Kunsthalle Wien Prize 2016

16/11 2016 — 8/1 2017

Margit Busch and Andrej Polukord receive Kunsthalle Wien Prize 2016

The Kunsthalle Wien Prize is a joint project of the University of Applied Arts Vienna, the Academy of Fine Arts Vienna and the Kunsthalle Wien.

It was established in 2002 in co-operation with the University of Applied Arts Vienna. In 2015, it has been presented for the first time to one graduate of each of Vienna’s art academies.

The prize includes an exhibition in Kunsthalle Wien Karlsplatz as well as prize money in the amount of 3,000 euros for each artist. In 2016 the prize money is made available by HS art service austria and Deko Trend GmbH.

To accompany the exhibition, two catalogues containing interviews with the artists and texts written by jury members and installation views will be published by Sternberg Press Berlin.

The jury in 2016 consisted of: Nicolaus Schafhausen and Lucas Gehrmann (Kunsthalle Wien), who participated in both selection processes, as well as Rector Gerald Bast and Roland Schöny as external jury member for the University of Applied Arts Vienna and Professors Mona Hahn, Erwin Bohatsch and Lorenz “eSeL” Seidler as external jury member for the Academy of Fine Arts Vienna.

Curator: Lucas Gehrmann

Installation view Kunsthalle Wien Prize 2016, Photo: Stephan Wyckoff: Margit Busch, Transcientistischer Arbeitsplatz, 2016, Courtesy die Künstlerin; Andrej Polukord, The Sarcophagus, 2016, Courtesy der Künstler

Margit Busch (*1964 in Germany, lives in Vienna) receives the Prize for her diploma project Welcome toTransciency at the University of Applied Arts Vienna (Prof. Virgil Widrich, Department of Art & Science). The multipartite installation IF-THEN-ELSE. Welcome to Transciency is a (re-)construction of the research laboratory and workplace of Else Sibil Somone, a scientist who was conceived by the artist and only exists in the future. In her work, Busch uses both traditional and innovative means to explore phenomena which cannot be grasped sufficiently with purely classic scientific methods. The discipline she calls Transciency, applies various perspectives and unconventional cognitive models – many of which are interdisciplinary in character – in order to reveal the transcendent nature of things beyond perception.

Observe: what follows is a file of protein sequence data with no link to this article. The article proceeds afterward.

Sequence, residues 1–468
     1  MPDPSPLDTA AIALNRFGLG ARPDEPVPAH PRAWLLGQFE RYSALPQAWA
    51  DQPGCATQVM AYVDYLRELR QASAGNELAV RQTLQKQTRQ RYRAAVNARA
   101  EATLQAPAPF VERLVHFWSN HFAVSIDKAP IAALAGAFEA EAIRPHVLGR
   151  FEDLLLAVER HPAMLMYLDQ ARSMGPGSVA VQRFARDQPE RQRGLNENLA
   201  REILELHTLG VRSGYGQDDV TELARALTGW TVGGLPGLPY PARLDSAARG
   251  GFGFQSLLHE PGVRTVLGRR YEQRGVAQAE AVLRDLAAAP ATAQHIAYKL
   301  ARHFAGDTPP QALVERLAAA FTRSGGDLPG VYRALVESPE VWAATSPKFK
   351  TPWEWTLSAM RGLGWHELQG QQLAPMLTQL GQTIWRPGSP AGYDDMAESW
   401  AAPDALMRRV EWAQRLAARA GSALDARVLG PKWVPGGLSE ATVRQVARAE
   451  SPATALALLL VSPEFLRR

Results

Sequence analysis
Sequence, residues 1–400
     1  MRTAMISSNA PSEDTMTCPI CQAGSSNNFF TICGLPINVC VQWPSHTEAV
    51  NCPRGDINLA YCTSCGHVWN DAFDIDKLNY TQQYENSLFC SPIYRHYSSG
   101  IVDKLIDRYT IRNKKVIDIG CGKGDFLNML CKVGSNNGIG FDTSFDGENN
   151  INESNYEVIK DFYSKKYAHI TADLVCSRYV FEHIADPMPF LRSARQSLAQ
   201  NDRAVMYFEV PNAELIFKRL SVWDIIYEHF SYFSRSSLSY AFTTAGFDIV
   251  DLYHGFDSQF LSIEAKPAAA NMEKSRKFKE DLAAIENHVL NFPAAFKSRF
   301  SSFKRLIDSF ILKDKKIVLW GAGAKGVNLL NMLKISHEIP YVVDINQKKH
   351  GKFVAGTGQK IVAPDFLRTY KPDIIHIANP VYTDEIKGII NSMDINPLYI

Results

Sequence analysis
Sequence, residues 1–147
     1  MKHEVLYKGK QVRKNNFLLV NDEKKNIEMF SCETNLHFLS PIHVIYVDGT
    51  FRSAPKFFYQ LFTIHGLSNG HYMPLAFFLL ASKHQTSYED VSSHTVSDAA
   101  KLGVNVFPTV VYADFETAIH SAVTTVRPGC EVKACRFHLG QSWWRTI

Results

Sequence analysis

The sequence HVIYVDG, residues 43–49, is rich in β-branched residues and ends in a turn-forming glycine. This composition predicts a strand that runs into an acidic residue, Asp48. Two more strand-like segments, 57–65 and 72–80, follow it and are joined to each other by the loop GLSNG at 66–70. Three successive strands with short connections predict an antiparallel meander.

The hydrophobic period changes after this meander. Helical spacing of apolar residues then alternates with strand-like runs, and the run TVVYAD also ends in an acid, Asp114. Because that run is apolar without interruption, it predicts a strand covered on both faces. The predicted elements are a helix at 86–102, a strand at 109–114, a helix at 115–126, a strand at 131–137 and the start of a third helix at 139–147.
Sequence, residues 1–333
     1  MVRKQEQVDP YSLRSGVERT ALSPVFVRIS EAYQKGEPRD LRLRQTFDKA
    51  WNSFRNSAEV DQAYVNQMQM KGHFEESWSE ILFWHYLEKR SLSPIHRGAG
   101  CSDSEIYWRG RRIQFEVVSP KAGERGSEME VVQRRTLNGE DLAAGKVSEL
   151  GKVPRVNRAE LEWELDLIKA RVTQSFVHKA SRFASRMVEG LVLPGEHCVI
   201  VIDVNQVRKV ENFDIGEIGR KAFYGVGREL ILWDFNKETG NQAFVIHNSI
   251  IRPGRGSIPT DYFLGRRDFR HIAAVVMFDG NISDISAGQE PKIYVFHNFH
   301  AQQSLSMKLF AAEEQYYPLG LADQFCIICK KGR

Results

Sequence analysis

In Else’s Laboratory, one can find apparatuses designed to determine the present, space, matter, and energy. The laboratory also provides room for exploring trans-rational phenomena, and performing ecologically and economically relevant experiments. One of Else’s projects, for instance, involves mealworms which can survive feeding mainly on polystyrene. Behind her desk, viewers can see a Transmap
a map showing the distinct regions of Transciency, which are explained in a supplement. In the Mountains of Variable Perspectives, we learn that a travel destination is never a specific place, but rather a new perspective. In the Valley of Reflection, on the other hand, everything is reflected to the extent that it is impossible to tell what is real. And in the Oasis of Undecidable Questions the customary “if/then” and
“either/or” approach proves to be futile, as the only thing to go by is intuition. The final step on the map – the Bay of Relativity
is infinitely deep. Many a diver who attempted its exploration disappeared without a trace.

Andrej Polukord (*1990 in Vilnius, lives in Vienna and Vilnius) studied at the Academy of Fine Arts Vienna with Prof. Gunter Damisch, Department of Graphic arts and printing techniques.
Polukord’s installations, performances, and videos are based on double meaning and ambiguities understood in a poetical sense, in order to evoke feelings of surprise and absurdity. In the course of the opening performance, a brick cube – The Sarcophagus – reveals something of its inside. Chances are what is revealed resembles the cavities from the artist’s video piece Höhlen (Caves), recommended by him as a bountiful treasure trove for mushroom hunters. At any rate, a picture he painted of an array of mushrooms was found in the Sarcophagus. The artist also lets mushrooms sprout from the ceiling of the exhibition room, thus transforming it into a forest floor – Andrej Polukord feels particularly at home in the forest, at least more so than in air-conditioned exhibition rooms. ‘I am especially interested in generating a sense of surprise and unpredictability’, says the artist who perceives absurd situations as fundamental enrichments, also of everyday life: ‘Absurdity frees us from the gravity which otherwise always determines our lives. Performance, of all art forms, should be close to real life, only then can it be emotionally effective and understandable.’